Edmonton

'We cannot afford to wait,' anti-racism advocates tell Edmonton city council at public hearing

With more than 80 people registered to speak, Monday's hearing was emotional at times as city council heard from community advocates, police, business owners, lawyers, academics and former police commissioners.

Other speakers urged city council to proceed with caution at a virtual public hearing about future of policing

Emotions ran high at city hall Monday at the start of a public hearing into the future of policing in Edmonton. (Natasha Riebe/CBC)

On the first day of a virtual public hearing about the future of policing in the city, some Edmontonians called on the mayor and council to divert police funding into community programs to improve public safety.

Others, however, warned that such a plan could backfire.

With more than 80 people registered to speak, Monday's hearing was emotional at times as city council heard from community advocates, police, business owners, lawyers, academics and former police commissioners.

The hearing follows a motion by council that is considering the possibility of freezing next year's police budget at 2020 levels and diverting some funding to programs aimed at community safety.

The motion was passed by council last week after unprecedented scrutiny on law enforcement — accused of over-policing racialized communities in Edmonton — in the wake of George Floyd's murder by a Minneapolis police officer.

Alex Eskandarkhah, a Black business owner, told council it would be more cost-effective for the city to redirect money from policing and equipment into mental health programs, public transit and other community services.

"The reality is the way the system is built right now, Black and Indigenous people can easily fall through the cracks and end up on the wrong side of the law," Eskandarkhah said, listing a number of issues including carding, white-washed education systems, lack of effective resources and residential segregation.

When we talk about defunding the police we don't mean abolishing or taking power away. We actually want to make your jobs easier.- Alex Eskandarkhah

"When we talk about defunding the police we don't mean abolishing or taking power away. We actually want to make your jobs easier. "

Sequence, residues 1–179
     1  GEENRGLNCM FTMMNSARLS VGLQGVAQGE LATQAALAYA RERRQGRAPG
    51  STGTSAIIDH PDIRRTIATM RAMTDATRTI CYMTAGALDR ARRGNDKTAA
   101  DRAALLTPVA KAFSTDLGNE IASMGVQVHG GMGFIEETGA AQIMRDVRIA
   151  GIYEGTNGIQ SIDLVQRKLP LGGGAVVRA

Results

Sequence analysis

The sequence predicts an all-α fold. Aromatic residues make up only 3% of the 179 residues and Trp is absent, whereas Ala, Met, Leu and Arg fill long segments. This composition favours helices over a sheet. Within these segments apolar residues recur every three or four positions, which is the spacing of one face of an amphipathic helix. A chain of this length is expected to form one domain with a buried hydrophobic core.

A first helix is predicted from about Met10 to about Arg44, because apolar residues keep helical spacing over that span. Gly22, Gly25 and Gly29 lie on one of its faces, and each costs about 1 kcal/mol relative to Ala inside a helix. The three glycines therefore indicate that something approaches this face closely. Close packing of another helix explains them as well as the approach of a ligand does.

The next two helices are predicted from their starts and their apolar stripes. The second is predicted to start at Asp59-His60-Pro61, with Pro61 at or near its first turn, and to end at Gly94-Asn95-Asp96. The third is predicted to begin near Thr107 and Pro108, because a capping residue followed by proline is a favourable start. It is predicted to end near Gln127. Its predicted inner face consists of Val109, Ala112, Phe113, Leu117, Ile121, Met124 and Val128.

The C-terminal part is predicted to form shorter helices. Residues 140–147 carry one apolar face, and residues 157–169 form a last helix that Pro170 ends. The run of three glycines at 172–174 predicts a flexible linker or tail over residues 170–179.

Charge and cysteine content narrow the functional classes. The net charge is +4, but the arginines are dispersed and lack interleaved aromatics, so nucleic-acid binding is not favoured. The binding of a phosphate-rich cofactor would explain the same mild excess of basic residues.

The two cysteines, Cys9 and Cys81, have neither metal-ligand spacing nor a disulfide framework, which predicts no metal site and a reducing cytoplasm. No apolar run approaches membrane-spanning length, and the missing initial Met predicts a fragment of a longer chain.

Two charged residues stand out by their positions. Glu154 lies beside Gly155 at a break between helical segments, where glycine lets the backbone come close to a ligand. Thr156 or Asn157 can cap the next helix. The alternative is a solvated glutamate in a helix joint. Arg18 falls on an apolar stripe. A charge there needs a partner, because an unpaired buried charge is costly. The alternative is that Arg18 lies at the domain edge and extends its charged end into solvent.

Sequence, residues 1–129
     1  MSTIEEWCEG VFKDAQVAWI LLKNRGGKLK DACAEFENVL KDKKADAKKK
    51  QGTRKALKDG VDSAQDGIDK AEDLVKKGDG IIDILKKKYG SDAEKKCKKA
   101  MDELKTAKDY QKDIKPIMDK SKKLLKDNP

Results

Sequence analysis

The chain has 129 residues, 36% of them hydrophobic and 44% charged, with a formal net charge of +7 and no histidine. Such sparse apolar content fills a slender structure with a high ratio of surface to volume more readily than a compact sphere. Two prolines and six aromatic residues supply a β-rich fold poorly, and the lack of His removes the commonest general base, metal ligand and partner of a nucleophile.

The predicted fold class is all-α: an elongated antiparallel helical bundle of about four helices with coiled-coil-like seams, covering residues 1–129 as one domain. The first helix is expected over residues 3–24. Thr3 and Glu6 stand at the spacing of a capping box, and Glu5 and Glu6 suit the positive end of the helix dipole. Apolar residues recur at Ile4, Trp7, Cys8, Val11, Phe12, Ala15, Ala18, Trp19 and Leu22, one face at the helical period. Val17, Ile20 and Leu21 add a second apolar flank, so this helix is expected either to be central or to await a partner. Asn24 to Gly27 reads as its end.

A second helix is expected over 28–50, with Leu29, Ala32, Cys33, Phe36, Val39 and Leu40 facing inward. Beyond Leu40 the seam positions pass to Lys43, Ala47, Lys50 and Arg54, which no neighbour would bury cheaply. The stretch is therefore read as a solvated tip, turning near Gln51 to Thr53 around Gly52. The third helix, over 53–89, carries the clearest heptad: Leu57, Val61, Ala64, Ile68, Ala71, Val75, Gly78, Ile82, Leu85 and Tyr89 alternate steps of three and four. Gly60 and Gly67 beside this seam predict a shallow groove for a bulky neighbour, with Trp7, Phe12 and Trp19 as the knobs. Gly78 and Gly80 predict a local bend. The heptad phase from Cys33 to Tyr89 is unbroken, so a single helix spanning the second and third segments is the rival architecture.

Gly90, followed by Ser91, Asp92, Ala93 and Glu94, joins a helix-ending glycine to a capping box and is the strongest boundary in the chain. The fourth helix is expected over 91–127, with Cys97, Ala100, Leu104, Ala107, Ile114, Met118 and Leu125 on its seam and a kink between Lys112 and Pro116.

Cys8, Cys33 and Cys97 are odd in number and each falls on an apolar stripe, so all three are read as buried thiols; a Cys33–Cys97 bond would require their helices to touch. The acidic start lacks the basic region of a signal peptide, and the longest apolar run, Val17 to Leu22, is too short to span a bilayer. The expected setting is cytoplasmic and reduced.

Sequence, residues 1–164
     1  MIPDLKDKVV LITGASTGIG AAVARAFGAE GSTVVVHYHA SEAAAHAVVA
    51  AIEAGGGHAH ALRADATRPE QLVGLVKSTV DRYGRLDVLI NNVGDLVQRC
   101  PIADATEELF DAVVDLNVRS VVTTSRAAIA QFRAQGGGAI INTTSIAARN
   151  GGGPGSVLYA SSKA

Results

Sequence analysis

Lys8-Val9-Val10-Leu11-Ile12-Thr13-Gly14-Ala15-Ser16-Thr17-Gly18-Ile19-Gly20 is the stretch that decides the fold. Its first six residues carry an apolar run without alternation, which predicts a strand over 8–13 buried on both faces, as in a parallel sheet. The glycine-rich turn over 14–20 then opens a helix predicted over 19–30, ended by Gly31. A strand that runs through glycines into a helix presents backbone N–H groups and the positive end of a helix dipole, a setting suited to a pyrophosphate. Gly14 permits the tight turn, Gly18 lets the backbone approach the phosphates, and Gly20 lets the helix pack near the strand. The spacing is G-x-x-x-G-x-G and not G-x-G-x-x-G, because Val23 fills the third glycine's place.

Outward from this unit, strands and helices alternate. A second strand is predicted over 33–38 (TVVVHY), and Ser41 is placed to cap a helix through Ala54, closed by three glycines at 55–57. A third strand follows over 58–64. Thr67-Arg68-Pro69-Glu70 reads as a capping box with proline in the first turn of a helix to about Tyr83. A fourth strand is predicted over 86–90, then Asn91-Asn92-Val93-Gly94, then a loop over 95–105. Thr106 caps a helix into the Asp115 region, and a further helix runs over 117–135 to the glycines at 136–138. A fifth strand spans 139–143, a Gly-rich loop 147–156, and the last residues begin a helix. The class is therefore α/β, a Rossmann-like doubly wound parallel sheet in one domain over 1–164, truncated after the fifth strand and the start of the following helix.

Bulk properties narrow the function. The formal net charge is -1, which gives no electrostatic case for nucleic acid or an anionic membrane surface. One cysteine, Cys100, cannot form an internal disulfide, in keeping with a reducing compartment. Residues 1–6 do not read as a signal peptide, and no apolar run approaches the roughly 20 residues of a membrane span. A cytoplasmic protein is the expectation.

Other speakers urged city council to abolish police entirely, as elected officials are doing in Minneapolis.

But Edmonton Griesbach MP Kerry Diotte said the majority of people he hears from are opposed to cuts and want to see more money invested in policing. He cautioned his municipal counterparts not to act in haste.

"Many people are angry at all police and all people in authority," said Diotte, a former Edmonton city councillor. "So I believe this is not the time to be embarking on drastic changes in the way we do policing in the city of Edmonton."

'This is institutional racism'

Rob Houle, former acting director at the city's Indigenous relations office, said people have waited long enough for change. 

"We cannot afford to wait any longer because the way the trends are, and the way the news is, police forces will never stop killing Black and brown faces until something is done to change that," said Houle.

He was one of many speakers to call for an immediate end to carding — arbitrary stops where police collect and store personal information from people not suspected of a crime.

Houle — who recalled his own experience in 2005, when he was pepper-sprayed and handcuffed by police and dropped at his front door without medical attention — also called out the lack of diversity in the city's upper ranks.

He criticized police Chief Dale McFee's recent assertion that under current union rules, diverting millions of dollars away from police would result in the loss of the service's newest staff and most diverse hires.

"This is institutional racism," Houle said. "There's been vocalization around doing something with the bad apples. The provisions that exist only serve to protect those bad apples."

'We all have the same goal'

Bruce Phillips, an Edmonton police officer who lives in the Alberta Avenue neighbourhood, challenged one of the repeated arguments in favour of divestment, which notes that 30 per cent of calls to Edmonton police are about mental health and other social emergencies.

Phillips agreed that some calls might be better handled by a social worker or mental health nurse but said the risk is difficult to identify beforehand.

"We might end up putting the wrong people in harm's way," he said.  "I absolutely understand that people are angry right now. I'm sure if I had lived their experience I would be angry too. But please let's make sure that anger isn't the impetus behind how we make policies. We all have the same goal improving our city and helping its most vulnerable citizens."

Speakers also called for complaints about police to be investigated by an independent body, compassion training for police officers, and data collection around the reason, outcome and effectiveness of police stops, searches and arrests.

In response to a question from Mayor Don Iveson asking about next steps, business owner Rebecca Blakey pointed to a resource put together by the Edmonton chapter of Black Lives Matter.

She said the group had already outlined needed changes, including disbanding the service's community engagement team, phasing out the transit peace officer program and removing police officers from public schools.

"You're asking questions that are so ill-informed and are frankly a waste of our time," Blakey said.

Advocate Bashir Mohamed chose not to address council, expressing the frustration felt by many community members who say they have repeatedly laid out their concerns and volunteered their time, working with the city and police, to try to fix the problem for years.

(Twitter)

The public hearing is expected to go until Wednesday.

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